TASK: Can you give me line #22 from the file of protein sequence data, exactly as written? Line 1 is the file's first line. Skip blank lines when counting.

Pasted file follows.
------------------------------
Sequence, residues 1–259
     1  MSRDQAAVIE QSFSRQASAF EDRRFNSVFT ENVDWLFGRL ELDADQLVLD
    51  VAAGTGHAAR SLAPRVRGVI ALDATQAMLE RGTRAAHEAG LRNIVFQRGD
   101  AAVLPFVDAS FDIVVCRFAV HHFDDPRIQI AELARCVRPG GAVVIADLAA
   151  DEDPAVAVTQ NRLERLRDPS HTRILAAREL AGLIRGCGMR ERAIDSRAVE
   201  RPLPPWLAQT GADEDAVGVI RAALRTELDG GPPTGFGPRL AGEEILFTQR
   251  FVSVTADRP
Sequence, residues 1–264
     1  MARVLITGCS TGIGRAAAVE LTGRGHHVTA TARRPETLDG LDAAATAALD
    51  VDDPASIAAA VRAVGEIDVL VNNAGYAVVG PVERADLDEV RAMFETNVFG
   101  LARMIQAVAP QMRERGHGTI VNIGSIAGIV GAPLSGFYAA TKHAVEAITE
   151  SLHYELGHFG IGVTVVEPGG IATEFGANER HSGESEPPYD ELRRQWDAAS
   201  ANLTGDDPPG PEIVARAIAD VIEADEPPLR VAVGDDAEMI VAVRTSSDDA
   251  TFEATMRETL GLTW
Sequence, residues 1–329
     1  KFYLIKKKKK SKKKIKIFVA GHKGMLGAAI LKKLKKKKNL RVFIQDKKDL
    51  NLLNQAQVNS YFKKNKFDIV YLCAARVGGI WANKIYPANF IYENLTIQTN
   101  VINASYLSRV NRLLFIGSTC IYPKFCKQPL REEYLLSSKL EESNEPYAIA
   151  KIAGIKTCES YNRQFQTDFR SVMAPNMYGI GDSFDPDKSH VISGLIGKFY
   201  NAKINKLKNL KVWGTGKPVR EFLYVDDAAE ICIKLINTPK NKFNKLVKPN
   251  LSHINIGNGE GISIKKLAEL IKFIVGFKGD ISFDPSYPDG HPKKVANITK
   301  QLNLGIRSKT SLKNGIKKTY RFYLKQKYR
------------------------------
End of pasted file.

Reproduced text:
   301  QLNLGIRSKT SLKNGIKKTY RFYLKQKYR